The intellectual hub of the law school’s vibrant social justice community, the Thelton E. Henderson Center for Social Justice is a training and research center that prepares the next generation of lawyers to represent underserved communities and produces innovative and accessible scholarship on issues of race, sex and poverty.
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FERGUSON & ERIC GARNER RESOURCES FROM BERKELEY LAW FACULTY AND CENTERS
In response to the recent events, our colleagues at Berkeley Law have put out these pieces:
- “Berkeley Law Faculty Statement on Michael Brown and Eric Garner Cases”
- “If We’re Having a Real Conversation About Race, Let’s Make Sure It’s the Right One” by Professor john a. powell
- “Statement by the East Bay Community Law Center in Solidarity with the #blacklivesmatter Protests in Berkeley, CA”
- “If Black Lives Matter, End the War on Crime” by Professor Jonathan Simon
- “Eric Garner, Police Brutality and the Movement to End Marginalization — How can we not only talk about, but give birth to a society where everyone belongs?” by Professor john a. powell
- “A response to Ferguson: Systemic problems require systemic solutions” by Professor john a. powell
- “The Making of Ferguson” by Richard Rothstein, Senior Fellow at Chief Justice Earl Warren Institute on Law and Social Policy
- “The Humanity of Michael Brown” by Professor Ian Haney López
- “Statement of the East Bay Community Law Center About the Killing of Michael Brown and the Protests in Ferguson”
SYMPOSIUM TOUTS NEW STRATEGIES FOR COMBATING POVERTY, INEQUALITY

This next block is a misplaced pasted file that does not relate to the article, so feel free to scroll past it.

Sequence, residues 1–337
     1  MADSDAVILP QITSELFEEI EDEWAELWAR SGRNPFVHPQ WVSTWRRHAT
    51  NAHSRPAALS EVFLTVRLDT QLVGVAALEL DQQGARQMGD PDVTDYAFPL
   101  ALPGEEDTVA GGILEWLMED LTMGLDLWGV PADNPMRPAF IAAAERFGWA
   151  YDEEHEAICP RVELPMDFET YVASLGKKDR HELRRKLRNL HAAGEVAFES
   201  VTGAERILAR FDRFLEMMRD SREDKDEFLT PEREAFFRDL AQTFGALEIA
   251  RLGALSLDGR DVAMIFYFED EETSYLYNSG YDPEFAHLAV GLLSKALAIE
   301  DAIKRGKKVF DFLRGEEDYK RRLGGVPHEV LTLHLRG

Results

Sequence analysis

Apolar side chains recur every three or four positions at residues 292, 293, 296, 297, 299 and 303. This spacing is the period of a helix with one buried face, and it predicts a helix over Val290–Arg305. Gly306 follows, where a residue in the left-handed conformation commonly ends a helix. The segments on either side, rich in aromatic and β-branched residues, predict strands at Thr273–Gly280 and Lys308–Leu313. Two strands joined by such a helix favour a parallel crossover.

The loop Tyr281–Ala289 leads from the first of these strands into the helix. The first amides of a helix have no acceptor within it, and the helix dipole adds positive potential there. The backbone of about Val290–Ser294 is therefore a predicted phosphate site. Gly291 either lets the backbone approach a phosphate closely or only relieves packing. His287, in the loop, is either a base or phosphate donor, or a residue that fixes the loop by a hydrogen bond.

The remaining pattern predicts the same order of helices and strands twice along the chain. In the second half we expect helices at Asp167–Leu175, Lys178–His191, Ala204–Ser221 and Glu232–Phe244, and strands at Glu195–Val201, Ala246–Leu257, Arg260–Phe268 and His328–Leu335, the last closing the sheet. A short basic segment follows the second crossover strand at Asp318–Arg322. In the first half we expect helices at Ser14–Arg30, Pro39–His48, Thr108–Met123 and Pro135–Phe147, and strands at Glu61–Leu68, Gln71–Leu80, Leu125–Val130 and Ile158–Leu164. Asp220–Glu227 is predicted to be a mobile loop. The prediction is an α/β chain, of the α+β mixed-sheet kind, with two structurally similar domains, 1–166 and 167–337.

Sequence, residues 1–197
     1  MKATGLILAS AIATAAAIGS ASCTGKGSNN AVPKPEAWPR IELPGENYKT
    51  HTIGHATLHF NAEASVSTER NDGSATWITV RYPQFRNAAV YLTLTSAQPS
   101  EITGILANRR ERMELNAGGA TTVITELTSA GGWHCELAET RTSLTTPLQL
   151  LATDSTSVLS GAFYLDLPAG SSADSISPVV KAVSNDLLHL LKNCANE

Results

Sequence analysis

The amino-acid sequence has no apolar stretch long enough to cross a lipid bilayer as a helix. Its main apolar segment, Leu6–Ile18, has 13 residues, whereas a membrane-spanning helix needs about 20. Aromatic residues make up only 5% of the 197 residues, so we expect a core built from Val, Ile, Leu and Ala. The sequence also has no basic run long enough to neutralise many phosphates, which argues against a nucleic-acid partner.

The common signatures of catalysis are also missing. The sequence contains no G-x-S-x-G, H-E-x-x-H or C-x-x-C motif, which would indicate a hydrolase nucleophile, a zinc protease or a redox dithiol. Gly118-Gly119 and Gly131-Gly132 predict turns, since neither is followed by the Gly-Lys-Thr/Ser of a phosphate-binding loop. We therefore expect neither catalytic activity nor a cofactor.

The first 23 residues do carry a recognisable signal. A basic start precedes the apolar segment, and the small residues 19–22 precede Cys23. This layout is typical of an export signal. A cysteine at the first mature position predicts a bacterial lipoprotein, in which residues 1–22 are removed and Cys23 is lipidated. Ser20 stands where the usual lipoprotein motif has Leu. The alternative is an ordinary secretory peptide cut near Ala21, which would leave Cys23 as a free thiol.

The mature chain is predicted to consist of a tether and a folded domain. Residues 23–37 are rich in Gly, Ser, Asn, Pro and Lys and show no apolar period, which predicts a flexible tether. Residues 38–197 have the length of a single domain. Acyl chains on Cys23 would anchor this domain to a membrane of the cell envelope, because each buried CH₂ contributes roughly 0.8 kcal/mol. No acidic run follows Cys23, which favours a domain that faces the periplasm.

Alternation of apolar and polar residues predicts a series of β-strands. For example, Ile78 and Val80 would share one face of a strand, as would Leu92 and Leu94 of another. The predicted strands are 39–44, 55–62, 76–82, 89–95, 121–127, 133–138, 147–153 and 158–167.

By Andrew Cohen (10/31/2014)
At a recent Berkeley Law symposium marking the 50th anniversary of the War on Poverty, panelists called for a renewed and coordinated push to help low-income Americans. Presented by the Thelton E. Henderson Center for Social Justice, the two-day event explored how lawyers and legal institutions can combat poverty—at the roots—by forging a more cohesive, media-savvy approach. With public concern about wealth distribution at a new high, participants said the time is ripe to make headway. “It’s a bright moment for this conversation,” said Dimple Abichandani, the center’s executive director. “Coming out of the recession, there’s been a clear shift in the awareness of poverty.”
Alan Jenkins demonstrated that awareness during the annual Olmos Law & Cultural Diversity Memorial Lecture, the symposium’s keynote address. The executive director of the Opportunity Agenda, which media-trained about 800 social justice leaders last year, Jenkins showed how lawyers eager to confront income inequality are entering the profession at an opportune time. An annual poll shows that 50 percent of Americans believe poverty is caused by conditions beyond one’s control, the highest total since the poll’s inception in 1965. About two-thirds say reducing poverty should be a high government priority, and 64 percent of independents say society would improve if wealth distribution was more equal—higher than even Democrats (60 percent). While Jenkins noted that Americans “generally think of poverty as a black problem,” the data shows otherwise: the nation’s poor are 42 percent white, 29 percent Latino, and 25 percent black. He played a 1964 presidential campaign ad for Lyndon Johnson—who launched the War on Poverty—which asserted that “poverty is not a trait of character.”